Numerous studies have shown that listening to music leads to changes in activity in core brain networks known to underpin our experience of emotion. These networks include the deep brain areas such as the amygdala, cerebellum, and cingulate gyrus. But they also consist of cortical areas on the surface of the brain including the auditory cortex, posterior temporal cortex,… Read More >> 0 comments
Listening to it and hearing it are not the same thing. In fact, the difference is fundamental — not only to how we approach Jackson’s songs, on the 10th anniversary of his death, but to how we shape our everyday consciousness. To hear is to sense your physical reality all around you. To listen is… Read More >> 0 comments
Video: Seeing and feeling synchronized movements with someone else blurs the brain’s sense of itself and another.
Video: Why are we so often shy to sing? What makes it so powerful – especially when we sing together? Does singing have the power to heal?
In Bohemian Rhapsody (2018), the movie about the British band Queen, the scene that sticks in my mind depicts the Live Aid concert in London in 1985. Queen belt out their best-loved songs and the crowd is singing along, swaying, clapping and stamping its feet. I could empathise a potent sense of togetherness in the audience,… Read More >> 0 comments
But we should not discount the power of music to bring Americans together. One-hundred-fifty years ago this week, the National Peace Jubilee sought to achieve precisely this goal in the wake of a moment far more divisive than today — the Civil War — and its success, though in some ways limited, is a sign… Read More >> 0 comments
Video – harmony and emotions. Herbie Hancock & Jacob Collier. 23-year-old musician, composer and multi-instrumentalist Jacob Collier explains the concept of harmony to 5 different people; a child, a teen, a college student, a professional, and jazz legend Herbie Hancock.
During a drop-in home visit to a family in the Dukha Community, two young girls sang a beautiful song that Ganbat, the community Shaman, had taught them about reindeer. It was so beautiful that we wanted to hear it again- but this young girl was not about to give an encore. Eventually, she did sing… Read More >> 0 comments
The iconic “stomp-stomp-clap” of Queen’s “We Will Rock You” was born out of the challenge that rock stars and professors alike know all too well: How to get large numbers of people engaged in participating during a live performance like a concert — or a lecture — and channel that energy for a sustained time… Read More >> 0 comments
Alternatively, a raft of sociological and anthropological explanations focus on community, asserting that dancing is one of the first means by which the earliest humans solidified strong social bonds irrespective of blood lines. In these accounts, dancing is eventually replaced by more rational and effective means of social bonding that the dancing itself makes possible, such… Read More >> 0 comments
Medical imaging reveals that the neural networks of premature infants who have listened to this music, and in particular a network involved in many sensory and cognitive functions, are developing much better.
The answers to these questions remain unknown, but it is now scientifically proven that most of us carry a mother’s voice in the neural patterns of our brain: bedtime stories, dinnertime conversation and the chatter we heard before birth identify us, uniquely, as surely as the fingerprint, enabling emotional development and social communication in childhood… Read More >> 0 comments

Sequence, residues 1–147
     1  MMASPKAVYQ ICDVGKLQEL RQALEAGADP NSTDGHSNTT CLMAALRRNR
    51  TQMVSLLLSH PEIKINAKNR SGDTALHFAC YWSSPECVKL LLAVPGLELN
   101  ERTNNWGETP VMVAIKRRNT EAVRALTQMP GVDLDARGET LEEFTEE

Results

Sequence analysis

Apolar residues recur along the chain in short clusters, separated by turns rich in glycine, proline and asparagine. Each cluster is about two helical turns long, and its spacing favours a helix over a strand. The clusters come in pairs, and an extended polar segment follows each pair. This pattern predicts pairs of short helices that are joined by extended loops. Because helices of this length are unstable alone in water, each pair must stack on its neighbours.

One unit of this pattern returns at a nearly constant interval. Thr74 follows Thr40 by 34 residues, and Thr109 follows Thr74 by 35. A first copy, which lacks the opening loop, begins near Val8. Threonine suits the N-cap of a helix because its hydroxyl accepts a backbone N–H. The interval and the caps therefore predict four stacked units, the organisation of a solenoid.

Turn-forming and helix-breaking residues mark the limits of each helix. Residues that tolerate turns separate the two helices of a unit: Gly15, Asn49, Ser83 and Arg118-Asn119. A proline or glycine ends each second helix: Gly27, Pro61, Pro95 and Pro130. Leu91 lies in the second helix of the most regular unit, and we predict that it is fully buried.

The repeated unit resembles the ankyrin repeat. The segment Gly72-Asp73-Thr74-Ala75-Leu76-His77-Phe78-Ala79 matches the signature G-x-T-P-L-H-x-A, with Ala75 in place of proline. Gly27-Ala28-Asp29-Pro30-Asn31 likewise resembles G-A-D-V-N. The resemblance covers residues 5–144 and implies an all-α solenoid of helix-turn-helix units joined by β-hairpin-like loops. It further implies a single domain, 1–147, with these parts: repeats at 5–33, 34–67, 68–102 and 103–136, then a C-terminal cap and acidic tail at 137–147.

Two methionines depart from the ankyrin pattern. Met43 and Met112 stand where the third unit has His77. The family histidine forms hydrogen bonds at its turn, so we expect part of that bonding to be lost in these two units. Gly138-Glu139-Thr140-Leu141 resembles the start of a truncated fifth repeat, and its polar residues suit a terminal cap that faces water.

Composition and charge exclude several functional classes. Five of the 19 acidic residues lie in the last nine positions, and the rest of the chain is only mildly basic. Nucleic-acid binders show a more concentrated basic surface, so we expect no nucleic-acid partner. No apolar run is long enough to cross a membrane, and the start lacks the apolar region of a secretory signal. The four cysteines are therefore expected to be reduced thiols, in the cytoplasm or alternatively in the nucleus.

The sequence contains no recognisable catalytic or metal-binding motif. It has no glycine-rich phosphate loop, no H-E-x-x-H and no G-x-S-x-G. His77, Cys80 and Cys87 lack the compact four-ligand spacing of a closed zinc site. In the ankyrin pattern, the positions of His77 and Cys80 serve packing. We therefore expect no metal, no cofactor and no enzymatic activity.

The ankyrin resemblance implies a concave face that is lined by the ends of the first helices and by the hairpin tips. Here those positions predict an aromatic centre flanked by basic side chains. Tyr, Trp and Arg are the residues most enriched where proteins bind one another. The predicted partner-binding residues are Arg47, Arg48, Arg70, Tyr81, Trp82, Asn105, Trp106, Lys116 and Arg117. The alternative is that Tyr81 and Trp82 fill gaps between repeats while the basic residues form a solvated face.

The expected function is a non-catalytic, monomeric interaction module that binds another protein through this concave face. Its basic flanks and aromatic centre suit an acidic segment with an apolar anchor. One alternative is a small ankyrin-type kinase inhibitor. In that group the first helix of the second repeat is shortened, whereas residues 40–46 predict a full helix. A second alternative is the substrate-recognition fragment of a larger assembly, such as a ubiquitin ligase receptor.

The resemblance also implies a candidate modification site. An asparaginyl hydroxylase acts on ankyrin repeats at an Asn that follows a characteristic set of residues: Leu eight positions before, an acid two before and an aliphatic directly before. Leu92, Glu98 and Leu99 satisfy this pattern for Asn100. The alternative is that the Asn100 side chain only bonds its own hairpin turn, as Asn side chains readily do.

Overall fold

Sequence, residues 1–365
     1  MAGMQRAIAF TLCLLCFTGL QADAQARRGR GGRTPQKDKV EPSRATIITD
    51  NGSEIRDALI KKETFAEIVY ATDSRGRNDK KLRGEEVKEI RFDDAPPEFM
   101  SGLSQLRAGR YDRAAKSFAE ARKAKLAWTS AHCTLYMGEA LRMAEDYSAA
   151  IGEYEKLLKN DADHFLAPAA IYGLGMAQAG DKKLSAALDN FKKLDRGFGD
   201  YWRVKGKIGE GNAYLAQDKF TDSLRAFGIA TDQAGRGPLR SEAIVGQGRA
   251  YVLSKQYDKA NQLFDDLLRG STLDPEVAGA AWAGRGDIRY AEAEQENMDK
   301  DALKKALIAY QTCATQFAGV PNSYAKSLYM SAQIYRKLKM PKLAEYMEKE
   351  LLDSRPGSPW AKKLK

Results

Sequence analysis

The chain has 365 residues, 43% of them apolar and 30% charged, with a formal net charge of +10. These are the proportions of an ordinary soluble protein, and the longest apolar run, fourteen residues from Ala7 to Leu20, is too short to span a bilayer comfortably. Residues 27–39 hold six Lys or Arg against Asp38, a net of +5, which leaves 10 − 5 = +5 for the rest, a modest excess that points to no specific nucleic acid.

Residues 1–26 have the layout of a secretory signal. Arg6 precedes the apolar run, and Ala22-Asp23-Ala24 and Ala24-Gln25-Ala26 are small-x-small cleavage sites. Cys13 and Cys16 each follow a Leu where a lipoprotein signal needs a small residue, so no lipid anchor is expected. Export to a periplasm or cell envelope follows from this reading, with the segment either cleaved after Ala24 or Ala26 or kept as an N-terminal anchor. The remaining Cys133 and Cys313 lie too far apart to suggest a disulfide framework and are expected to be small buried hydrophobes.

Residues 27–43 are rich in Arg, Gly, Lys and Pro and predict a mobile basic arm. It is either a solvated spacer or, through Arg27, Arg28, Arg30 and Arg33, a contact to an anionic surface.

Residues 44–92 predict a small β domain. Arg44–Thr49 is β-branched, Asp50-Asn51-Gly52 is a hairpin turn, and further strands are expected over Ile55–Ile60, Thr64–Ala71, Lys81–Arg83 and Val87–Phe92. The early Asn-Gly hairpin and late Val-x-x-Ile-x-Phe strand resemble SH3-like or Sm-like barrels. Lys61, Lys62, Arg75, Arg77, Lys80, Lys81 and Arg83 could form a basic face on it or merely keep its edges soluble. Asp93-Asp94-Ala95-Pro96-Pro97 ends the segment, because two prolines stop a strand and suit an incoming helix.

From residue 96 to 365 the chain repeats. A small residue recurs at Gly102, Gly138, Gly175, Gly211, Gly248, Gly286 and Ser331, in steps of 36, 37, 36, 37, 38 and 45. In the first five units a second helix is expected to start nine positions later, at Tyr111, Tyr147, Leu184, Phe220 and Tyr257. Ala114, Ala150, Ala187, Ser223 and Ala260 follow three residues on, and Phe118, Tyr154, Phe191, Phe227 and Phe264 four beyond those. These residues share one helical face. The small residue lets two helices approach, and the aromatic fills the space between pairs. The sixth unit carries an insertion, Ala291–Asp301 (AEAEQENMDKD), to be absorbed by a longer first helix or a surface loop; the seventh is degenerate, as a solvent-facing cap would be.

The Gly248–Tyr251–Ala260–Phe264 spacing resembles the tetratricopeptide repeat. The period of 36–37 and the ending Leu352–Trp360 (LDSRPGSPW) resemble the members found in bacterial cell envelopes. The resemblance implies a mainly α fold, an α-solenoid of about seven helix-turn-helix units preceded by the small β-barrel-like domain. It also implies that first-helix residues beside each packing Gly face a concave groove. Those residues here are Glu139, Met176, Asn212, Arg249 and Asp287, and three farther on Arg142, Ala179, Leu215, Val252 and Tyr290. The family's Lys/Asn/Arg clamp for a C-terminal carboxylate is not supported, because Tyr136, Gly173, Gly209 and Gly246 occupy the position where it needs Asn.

Hearing music where you’d expect speech is the norm in opera. But in this context, it created a sense of displacement; an embodiment of problems of translation inherent in the scenario, as the customs officer’s spoken words and the woman’s song failed to communicate; and a very moving moment of theater.
What is it about these performances that you’ve done with Choir!Choir!Choir! that are so powerful? It’s a sense of community. Choir!Choir!Choir! offers people a very immediate, electric infusion with just the art of expressing yourself vocally. You know, it has been great to be a part of that with them momentarily. It’s a sense of… Read More >> 0 comments
A four-year study by Youth Music concluded that too many schools fail to include current musical genres and recommended that lessons should focus on “Stormzy rather than Mozart” in order to engage hard-to-reach young people.
Video. Every culture dances. Moving our bodies to music is ubiquitous throughout human history and across the globe. So why is this ostensibly frivolous act so fundamental to being human? The answer, it seems, is in our need for social cohesion – that vital glue that keeps societies from breaking apart despite interpersonal differences.
(I included this article because I so appreciate the orchestra metaphor. – SA) Scientists are racing to treat brain disabilities with electrical stimulation. Here’s a metaphor to help make sense of the progress. … An orchestra metaphor is a good place to start. A brain humming along well is a Mozart-like production, with many diverse,… Read More >> 0 comments
Music reminds us that the mind is more than a calculator. We are resonant bodies as much as representing machines. … Yet some of the musical experiences I’ve had in that dingy basement have bordered on the otherworldly. When I’m pinned to the back of my seat by the mind-warping rhythms of a drummer, or… Read More >> 0 comments
A more recent study, published earlier this year in Frontiers in Aging Neuroscience, linked dancing to improved “white matter” integrity in the brains of older adults. Your brain’s white matter can be thought of as its connective tissue.
Many of the younger Scandinavian black metal bands believed that the “purity” of their ancient Norse culture had been diluted by the influence of Judeo-Christian religions.